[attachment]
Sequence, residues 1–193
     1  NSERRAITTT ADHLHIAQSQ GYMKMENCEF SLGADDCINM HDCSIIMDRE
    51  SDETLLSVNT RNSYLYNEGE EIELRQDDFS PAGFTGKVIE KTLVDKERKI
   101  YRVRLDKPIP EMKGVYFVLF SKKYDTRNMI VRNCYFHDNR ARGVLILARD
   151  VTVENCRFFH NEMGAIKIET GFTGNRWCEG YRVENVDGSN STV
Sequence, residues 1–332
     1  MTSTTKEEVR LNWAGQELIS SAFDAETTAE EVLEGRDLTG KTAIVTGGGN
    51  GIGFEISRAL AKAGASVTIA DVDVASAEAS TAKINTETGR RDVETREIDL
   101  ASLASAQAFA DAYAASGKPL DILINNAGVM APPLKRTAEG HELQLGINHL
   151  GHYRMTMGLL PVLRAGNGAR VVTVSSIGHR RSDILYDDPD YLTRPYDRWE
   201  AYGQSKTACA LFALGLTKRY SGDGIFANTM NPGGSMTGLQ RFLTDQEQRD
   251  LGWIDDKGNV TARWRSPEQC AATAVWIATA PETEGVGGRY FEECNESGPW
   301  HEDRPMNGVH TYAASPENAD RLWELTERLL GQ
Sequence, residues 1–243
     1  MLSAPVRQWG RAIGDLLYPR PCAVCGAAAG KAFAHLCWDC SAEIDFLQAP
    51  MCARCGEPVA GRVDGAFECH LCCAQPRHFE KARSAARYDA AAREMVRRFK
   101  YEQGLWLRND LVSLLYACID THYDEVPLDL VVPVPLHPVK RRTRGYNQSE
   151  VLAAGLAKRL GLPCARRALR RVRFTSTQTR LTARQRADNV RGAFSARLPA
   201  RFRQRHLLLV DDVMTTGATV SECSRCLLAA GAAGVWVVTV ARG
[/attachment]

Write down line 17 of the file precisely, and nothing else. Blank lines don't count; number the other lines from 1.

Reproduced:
   101  YEQGLWLRND LVSLLYACID THYDEVPLDL VVPVPLHPVK RRTRGYNQSE